t doesn’t seem so long ago that we had our pick of the market when it came to part-time jobs, summer work, and employment after graduation. In most cases, a job was a given. Then the recession came along and burst the bubble. There were fewer jobs, attitudes changed and there were fewer reasons to be picky. The common perception of many is that if you’re one of the lucky few to have a job, you should be grateful and take what you get; complaints are not welcomed by colleagues and most certainly not by employers. But where do you stand when you feel you’re being treated unfairly at work, if you’re unsure of how many hours you should be working, and unsure of the rights you’re entitled to if you’re in unpaid employment? According to the National Employment Rights Authority, we’re all “entitled to receive basic employment rights” regardless of the industry we work in. But not many students are aware of their rights, and fewer still would question their employer through fear of being easily replaced. Laura was one of these students. She studied retail management in GMIT and enjoyed all aspects of her course except for onethe work experience. “This was the part of the course I had been looking forward to for two years. The placement was for six months which was great for the experience I needed for when I graduated college. But when it came to the placement period, everything I had expected was the total opposite,” she explains. Laura says that students in her course had to go out in search of employers for their placements and very few retailers were willing to hire students for the required length of time. In the end, she was forced to take on unpaid work. “I found it extremely difficult applying for this short period of time. Eventually one retailer responded; a high street fashion chain which is what I dreamed of getting a placement with. An interview was involved and it was successful and I took the placement – voluntarily,” she says. The rules on working hours for those who work voluntarily vary depending on the industry, but usually 30 hours is the upper limit. Laura ensured that she only worked that amount and although she enjoyed her work experience, she was disappointed that she was the only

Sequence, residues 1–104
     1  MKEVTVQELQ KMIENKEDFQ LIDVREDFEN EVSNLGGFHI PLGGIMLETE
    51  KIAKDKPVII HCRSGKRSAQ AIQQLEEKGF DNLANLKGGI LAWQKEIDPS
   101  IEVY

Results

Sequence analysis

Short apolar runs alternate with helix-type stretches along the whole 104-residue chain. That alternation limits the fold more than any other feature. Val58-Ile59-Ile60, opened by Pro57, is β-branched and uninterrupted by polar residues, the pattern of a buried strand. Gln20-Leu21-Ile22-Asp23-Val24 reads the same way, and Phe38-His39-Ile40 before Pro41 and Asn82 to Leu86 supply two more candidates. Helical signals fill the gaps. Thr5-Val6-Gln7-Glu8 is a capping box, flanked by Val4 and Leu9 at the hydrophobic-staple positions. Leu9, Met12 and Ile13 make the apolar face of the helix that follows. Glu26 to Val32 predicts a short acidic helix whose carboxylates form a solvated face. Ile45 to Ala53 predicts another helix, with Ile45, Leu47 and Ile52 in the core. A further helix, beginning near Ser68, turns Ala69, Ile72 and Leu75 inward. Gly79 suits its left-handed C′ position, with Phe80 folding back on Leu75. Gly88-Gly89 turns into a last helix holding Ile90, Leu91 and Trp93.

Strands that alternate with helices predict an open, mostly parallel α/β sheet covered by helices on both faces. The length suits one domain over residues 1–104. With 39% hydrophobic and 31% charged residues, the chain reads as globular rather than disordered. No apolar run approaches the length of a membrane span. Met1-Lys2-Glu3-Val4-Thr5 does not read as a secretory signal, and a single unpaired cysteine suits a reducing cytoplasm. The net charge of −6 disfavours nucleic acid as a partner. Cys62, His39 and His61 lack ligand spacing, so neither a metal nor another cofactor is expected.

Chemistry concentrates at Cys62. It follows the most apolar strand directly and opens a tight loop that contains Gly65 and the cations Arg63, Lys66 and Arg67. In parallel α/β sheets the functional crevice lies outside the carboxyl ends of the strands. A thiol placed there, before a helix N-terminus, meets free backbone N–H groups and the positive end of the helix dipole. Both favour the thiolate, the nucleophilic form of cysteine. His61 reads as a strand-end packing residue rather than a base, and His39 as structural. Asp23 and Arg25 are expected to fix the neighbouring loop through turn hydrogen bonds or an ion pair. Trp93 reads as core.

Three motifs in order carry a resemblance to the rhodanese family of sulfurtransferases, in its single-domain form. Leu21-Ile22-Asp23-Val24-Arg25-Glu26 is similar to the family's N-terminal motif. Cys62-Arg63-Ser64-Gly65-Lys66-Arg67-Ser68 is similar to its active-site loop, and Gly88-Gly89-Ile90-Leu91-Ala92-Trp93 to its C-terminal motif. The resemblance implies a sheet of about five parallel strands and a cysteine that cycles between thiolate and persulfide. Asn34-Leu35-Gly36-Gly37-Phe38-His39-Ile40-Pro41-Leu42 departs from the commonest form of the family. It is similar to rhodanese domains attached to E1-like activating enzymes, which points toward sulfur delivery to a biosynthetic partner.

student out of her class not to gain full time employment from her placement. “It left me feeling disappointed, used and unfulfilled - I worked for free for six months and showed them this is what I want and can do, but there was no job offer; not for that store, not even for the other stores in Ireland or Britain,” she says. Laura is one of many students who have more than enough qualifications, but are still unable to find a job in their desired field. The picture is very different than it was a few years ago. “They knew I was graduating the next year and that I would have the qualifications for the job. It was a downer and the funny thing is they gave me an excellent performance appraisal. I am aware that many students are struggling with this situation, and in my opinion, it’s beyond ridiculous when companies are complaining there aren’t the right qualified workers for their jobs,” she says. When it comes to internships, many students are unaware that they have the same basic employment rights as paid employees. Employees’ rights are the same whether you’re in paid employment full time or part time. However, many students are still not aware of this, and those who are are wary of the unforgiving nature of the job market. NERA says that the maximum amount of hours an employee can work a week is 48, although this would be less when it comes to part time employment. Many employees are unfamiliar with the breaks they are entitled to, and many don’t receive the breaks they deserve despite working the required amount of hours. NERA states that “You have the right to a 15-minute break if working four and a half hours of work and a 30 minute break if working six hours of work.” A DCU student, who wishes to remain anonymous, recounted their time in part time employment, and felt they were given more difficult tasks and assigned more inconvenient hours as a result of being a student. “I didn’t feel that I was treated unfairly; I just felt slightly taken advantage of. I lived on a direct route so I was always scheduled to work the early mornings or the late nights. I never got to do the normal 9-5 shifts. “I think what upset me most was the fact that I was exhausted and trying to do a million things at once. We regularly worked seven and eight hour turnarounds and I often had to stay back longer. Sometimes I was worried that I would miss my bus home.